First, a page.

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Vaclav Havel's story is inspiration for generations
Vaclav Havel left behind an incredible legacy. A playwright and politician, he led the way for democracy in his native Czechoslovakia, becoming the first President of the country after the fall of Communism. On April 13, 2010, he shared his story with the Bush Center in an interview that will become part of the Freedom Collection, a permanent archive documenting the personal stories of men and women who have led or participated in important freedom movements. From his office in Prague, he spoke with former U.S. Under Secretary of State Paula Dobriansky about the horrors of communist rule and the difficult transition to democracy. His story has struggles, including over four years spent imprisoned by the communist regime; and triumphs, when he saw communism fall in a matter of weeks in his country. In this clip from the interview, President Havel describes the great challenges faced by members of his movement and their motivation for continuing the struggle against communism. To understand Havel’s moral fight for freedom and democracy for the Czech people is to know the fight of freedom advocates around the world. His Freedom Collection interview gives insight not only into the Cold War and the fight for democracy in Eastern Europe, but also into the universal struggle for freedom and human rights. It is important to honor the passing of such a great man and ensure that his story continues to provide inspiration and insight to today’s generation of freedom advocates.
Amanda Schnetzer is Director of Global Initiatives at the George W. Bush Institute in Dallas, Texas. In this role, she is responsible for developing innovative research, programmatic, and policy efforts to advance societies rooted in political and economic freedom and to empower women to lead in their communities and countries. Previously she served as the Bush Institute’s founding director of the Human Freedom Initiative.
Amanda has twenty years of experience in the international arena and a background in public policy research and analysis, public affairs, and management of diverse, high-level stakeholders. As senior fellow and director of studies at Freedom House in New York, Amanda guided research for the organization’s definitive studies of freedom. She began her career at the American Enterprise Institute in Washington, DC, supporting research on U.S. foreign policy and international politics. Amanda is a published writer and a member of the Council on Foreign Relations. She holds degrees from Georgetown University and Southern Methodist University, where she graduated Phi Beta Kappa.
Chinese Prisoner’s Death Holds a Message for Americans and China
Liu Xiaobo, China’s most prominent dissident and Nobel Peace Prize winner died this week. His death holds a message for Americans and for China.
Release of Chinese Political Prisoner a Timely Reminder to Support Freedom Advocates Abroad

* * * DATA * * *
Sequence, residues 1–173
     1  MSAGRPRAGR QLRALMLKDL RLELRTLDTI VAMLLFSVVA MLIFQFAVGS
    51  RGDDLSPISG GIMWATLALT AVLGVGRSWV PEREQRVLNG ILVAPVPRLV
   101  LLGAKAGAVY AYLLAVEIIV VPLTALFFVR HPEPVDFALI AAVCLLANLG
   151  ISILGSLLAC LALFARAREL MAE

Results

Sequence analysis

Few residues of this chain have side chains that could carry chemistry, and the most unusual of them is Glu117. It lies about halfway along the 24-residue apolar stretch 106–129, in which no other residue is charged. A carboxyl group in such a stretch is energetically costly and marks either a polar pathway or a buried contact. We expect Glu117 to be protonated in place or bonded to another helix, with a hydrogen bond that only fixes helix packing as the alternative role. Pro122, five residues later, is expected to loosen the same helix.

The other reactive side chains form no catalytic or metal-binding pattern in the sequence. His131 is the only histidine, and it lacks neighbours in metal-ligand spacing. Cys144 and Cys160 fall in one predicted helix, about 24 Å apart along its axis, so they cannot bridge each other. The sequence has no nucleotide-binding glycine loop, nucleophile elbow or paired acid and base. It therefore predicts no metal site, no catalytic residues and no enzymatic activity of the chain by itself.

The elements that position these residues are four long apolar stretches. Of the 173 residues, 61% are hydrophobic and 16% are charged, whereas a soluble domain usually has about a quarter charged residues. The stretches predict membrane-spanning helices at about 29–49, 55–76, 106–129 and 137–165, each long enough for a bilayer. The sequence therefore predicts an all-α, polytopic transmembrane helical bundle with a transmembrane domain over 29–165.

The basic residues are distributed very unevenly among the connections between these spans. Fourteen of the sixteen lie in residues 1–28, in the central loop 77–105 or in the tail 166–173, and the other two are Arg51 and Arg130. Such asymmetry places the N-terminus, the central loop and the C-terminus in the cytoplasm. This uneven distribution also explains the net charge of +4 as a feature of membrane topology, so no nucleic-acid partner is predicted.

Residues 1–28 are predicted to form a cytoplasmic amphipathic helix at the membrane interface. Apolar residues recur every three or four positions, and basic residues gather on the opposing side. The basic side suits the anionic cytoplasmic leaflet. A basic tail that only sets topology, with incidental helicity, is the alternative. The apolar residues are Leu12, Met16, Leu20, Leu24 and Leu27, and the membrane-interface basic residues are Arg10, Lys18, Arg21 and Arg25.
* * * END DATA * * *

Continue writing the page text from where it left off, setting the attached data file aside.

More than half the world’s population still lives in countries where basic political rights and civil liberties are only partly respected, if at all.
Bringing Freedom to the Forefront of 21st Century Politics
Is the global liberal democratic order in danger? Purposefully constructed in the aftermath of World War II, this order -- and the American leadership that is central to its success --has contributed to securing peace and expanding prosperity in the United States and around the world. Today, that order appears to be dissolving. This crisis is not new or sudden; it has been mounting for several years. Global challenges like authoritarian capitalism, violent extremism, demographic pressures, and displaced populations have placed global freedom in decline. Fraying traditional alliances united by core values of freedom are increasingly weak to respond. It is alarming that the downdraft in democratic resilience over the past decade or more includes countries that have long been part of the consolidated democratic West. This is democratic deconsolidation. In much of the Western world, we see a rise in demagogic populism, illiberalism, nationalism, protectionism, and waning conf
The Importance of Speaking Truth to Tyrants
What the president of the United States says matters. Even during the realpolitik policies of détente under Richard Nixon, it was still clear that American policy was based on a set of core values. Nixon’s practical goals of reaching deals with America’s adversaries was never based on the “great chemistry” with himself or praising the Soviet or Communist Chinese leadership doing a “fantastic job.” When the president aligns himself with the autocrats and dictators, he aligns America with their oppression. He sends a message that corruption and brutality are not our concern. Contrast that with how Ronald Reagan defied much of world opinion in calling out the brutality of the Soviet system. Natan Sharansky, then a refusenik imprisoned in a Soviet gulag, later wrote for the Weekly Standard of his thoughts on Reagan’s pronouncement that the USSR was an evil empire: “It was the great, brilliant moment whe